I am just starting my last ever half term in primary and <whispers>... hurrah!(118 Posts)
I have had DC at the same primary school for the last 10 years and my last child is leaving at the end of this term. I think we are all ready to move on now . There are two teachers who have taught different dc of mine continuously for the last 5 years, meaning I feel I know them better than some members of my own family. Its nice, but there are only so many ways of saying the same thing at parents evenings and in reports.
Also ... I'll fess up ... I've stopped doing the detailed comb-through with conditioner when we get the nit letter, as we seem to three times a term - just have a bit of a poke around and see if anything is moving.
I will never have to make another sodding costume for World Book Day. Or sit with a forced smile listening to other people's children play the recorder badly (or, dear God, the cello).
The cool indifference of secondary beckons invitingly!
I've got a couple years to go....
I look forward to being a sweet memory.
Ah, you'll look back to some lovely memories, but you are right it's great to move on.
This is the nice time for y6 as well, no pressure just enjoying themselves and making their memories.
from what I can remember this is the emotional stage, saying goodbye to friends and scarily looking forward to their next transition.
No costumes but you may not have escaped the high school musical or other concerts. kids have an uncanny way of surprising us by signing themselves up for drama, music, sport clubs.
Oh Sonorous, you enjoy! I'm 9 years in
sobs, DD leaves in 7 weeks, she's having a glorious time. And I still have 4 years to go with DS2, DS1 will be off to uni by the time my 'baby' leaves. And I'll be nearly 50. Bloody hell.
Ah, in a moment of "what fresh hell is this" I have just been reminded by dh that we have a last instrumental performance to go to... My dc's school is Very Big on participation so you have someone playing lighter pieces of Stravinsky, followed by someone else playing "Go and tell Aunt Nancy The Old Grey Goose is Dead" on the recorder (4 notes, for the uninitiated). My DC are usually somewhere down the back with some sleighbells. I have to take time off work to go and sit on a weeny chair and smile politely.
Well done those of you having joyful ends to Y6. We are gearing up for the thrills and spills of the Y6 production - its like living with a very small Norma Desmond.
I went through this last year - and it was wonderful! I really thought after 11 years I'd be tearful and miss the place - but no, just relief.
Now I did well up when my first born left infants, but primary was a relief with the last one.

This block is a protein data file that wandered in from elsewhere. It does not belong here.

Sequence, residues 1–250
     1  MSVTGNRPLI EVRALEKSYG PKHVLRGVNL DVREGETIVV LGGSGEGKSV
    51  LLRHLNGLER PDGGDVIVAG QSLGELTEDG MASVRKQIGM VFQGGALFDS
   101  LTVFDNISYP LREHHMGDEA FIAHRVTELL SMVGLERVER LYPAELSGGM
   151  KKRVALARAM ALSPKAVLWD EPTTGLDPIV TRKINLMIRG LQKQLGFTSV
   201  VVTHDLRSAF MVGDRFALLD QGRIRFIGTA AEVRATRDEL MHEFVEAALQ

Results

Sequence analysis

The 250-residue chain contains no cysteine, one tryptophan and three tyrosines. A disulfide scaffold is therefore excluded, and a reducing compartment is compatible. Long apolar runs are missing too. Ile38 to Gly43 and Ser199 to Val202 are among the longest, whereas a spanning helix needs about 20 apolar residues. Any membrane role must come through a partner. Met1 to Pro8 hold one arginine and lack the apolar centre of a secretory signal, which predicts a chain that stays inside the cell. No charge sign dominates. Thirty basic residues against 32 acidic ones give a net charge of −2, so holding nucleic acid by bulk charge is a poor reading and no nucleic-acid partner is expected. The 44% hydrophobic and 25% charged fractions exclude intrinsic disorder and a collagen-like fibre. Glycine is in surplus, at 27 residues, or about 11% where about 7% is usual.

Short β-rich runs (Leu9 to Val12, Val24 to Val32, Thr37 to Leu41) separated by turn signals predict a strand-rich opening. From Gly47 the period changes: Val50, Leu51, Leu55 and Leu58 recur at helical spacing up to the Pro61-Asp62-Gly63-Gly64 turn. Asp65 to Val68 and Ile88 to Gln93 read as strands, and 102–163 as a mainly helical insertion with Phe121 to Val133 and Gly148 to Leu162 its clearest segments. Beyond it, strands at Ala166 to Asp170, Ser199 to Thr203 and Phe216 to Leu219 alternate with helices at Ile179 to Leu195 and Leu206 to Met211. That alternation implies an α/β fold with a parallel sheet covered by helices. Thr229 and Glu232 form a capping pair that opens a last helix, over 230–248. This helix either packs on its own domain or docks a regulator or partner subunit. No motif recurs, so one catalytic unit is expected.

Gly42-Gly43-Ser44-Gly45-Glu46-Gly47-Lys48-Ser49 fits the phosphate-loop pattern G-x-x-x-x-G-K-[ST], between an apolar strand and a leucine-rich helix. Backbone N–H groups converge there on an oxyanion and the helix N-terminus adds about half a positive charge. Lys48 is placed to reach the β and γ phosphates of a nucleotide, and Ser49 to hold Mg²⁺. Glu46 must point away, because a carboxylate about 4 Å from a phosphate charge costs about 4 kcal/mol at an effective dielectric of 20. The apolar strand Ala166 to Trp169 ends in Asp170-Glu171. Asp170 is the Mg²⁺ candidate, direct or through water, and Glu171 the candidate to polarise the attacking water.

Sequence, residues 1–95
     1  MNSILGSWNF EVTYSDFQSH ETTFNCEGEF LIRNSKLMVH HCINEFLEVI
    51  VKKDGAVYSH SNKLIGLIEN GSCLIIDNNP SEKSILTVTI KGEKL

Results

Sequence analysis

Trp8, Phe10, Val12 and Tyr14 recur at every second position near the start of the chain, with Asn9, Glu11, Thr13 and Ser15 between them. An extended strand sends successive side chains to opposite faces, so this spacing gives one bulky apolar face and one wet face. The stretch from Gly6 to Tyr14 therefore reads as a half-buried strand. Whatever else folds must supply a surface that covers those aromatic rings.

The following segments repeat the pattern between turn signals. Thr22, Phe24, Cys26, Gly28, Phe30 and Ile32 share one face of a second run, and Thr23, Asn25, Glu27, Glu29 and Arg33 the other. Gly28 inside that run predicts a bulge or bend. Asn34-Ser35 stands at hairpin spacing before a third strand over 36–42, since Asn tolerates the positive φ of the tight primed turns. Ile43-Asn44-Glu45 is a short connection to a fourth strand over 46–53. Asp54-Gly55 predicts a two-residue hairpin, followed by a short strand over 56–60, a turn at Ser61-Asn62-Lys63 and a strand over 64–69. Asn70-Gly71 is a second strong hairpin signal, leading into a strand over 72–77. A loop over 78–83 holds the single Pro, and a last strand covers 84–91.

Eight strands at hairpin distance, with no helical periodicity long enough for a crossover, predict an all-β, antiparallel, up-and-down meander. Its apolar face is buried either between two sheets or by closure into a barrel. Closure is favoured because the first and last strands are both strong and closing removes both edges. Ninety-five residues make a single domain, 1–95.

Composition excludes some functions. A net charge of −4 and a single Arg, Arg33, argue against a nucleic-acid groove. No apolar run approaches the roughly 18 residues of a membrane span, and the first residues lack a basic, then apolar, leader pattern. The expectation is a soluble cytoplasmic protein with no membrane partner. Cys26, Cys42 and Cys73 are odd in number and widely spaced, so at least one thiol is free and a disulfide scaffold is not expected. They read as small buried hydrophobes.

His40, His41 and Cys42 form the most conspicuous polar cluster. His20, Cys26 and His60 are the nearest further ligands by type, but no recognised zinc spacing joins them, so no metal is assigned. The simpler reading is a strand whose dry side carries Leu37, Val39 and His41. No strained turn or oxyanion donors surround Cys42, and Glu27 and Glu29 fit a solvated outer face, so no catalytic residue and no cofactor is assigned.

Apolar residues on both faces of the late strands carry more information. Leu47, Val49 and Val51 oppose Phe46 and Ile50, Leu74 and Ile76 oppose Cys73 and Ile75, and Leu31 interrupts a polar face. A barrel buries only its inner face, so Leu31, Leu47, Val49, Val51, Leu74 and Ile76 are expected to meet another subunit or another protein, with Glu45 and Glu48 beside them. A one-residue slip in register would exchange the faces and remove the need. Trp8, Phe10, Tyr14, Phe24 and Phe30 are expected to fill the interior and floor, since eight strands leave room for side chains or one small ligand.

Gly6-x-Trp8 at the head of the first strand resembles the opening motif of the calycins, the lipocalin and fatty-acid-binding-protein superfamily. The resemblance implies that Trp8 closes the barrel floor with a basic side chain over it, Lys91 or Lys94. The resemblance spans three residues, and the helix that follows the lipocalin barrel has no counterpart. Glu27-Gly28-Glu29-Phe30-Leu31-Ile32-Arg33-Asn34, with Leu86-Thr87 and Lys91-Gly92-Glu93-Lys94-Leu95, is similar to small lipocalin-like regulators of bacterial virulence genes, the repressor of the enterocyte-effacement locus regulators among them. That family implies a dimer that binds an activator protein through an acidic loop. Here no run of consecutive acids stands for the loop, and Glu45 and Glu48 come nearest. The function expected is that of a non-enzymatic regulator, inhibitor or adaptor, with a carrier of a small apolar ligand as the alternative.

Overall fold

Does help that she is much happier.
You'll still cry at the leaving assembly though
I was not at all sorry to see the back of it.
Is it bad that dd is only starting this year and l think this? I have dd2 to get through and she's yet to arrive!
I just don't like the small-town feel of primary school. My issue completely l know
I've seen two dc through primary and off to secondary school. Cried each time at the leavers assembly. Those pictures of them all so young and sweet.
Still have two more years until dd leaves primary but am so ready to finish with the school run and playground politics.
Just the lottery about which school dd will get into. Not looking forward to that bit.
LOL tumbletumble - your 12 continuous years will trump my 10! Actually, there is someone in my DC's class who has several older siblings and the family must have been at the school for a good 15 years. <thunk>.
Actually, in the 30 terms we have done, I would say we have only had 2 or 3 where things were a bit rocky. I've only been up to see the Head once in crossness in all that time. We never had a properly duff teacher and have had a lot of fabulous ones.
My last half term too and I was thinking this just this morning.
We sat through the last instrumental evening just before half term. Ds had a suspected broken wrist and dh and I were actually fighting over who got to take him to A&E. What gets me is all the other parents saying "aren't they marvellous" as I sit there wondering if head phones would be really rude. I have actually banned my children from learning the violin because of the horrors I have suffered at these evenings
I was looking forward to no more dressing up but discovered with horror that ds's secondary school do world book day. Ds was none too pleased either.
I can't wait to never be asked to participate in anything ever again.
I didn't cry in ds's leavers assembly. In fact, I had to restrain myself from standing up and cheering.
First one about the leave and 5 years to go. Starting to feel the end is nigh though which is massive relief. DD1 is going to skip leavers assembly as she doesn't want to go - they whip them up into a Nuremberg-rally-esque emotional frenzy and spend the rest of the week weeping. Too much made of sadness of transition IMO instead of focusing on the postives of moving up and the excitement of a fresh start at Really Big School.
Just starting the last half term of reception here - not even one year in to primary school. Still another 10 years to go of having children at the school, as my two are four school years apart. Seems like an eternity stretching ahead! I can't quite imagine life in 10 years' time with a 15 year old and an 11 year old.
We seem to have two leavers assemblys, as far as I can tell. The first is an "everyone's a winner"-type, where they all get awards - a sort of citation for being "best at ...X" and celebrating their individual wonderfulness, followed by a pep talk from the head reminding them to always make good choices and then everyone gets a dictionary or similar. Yay!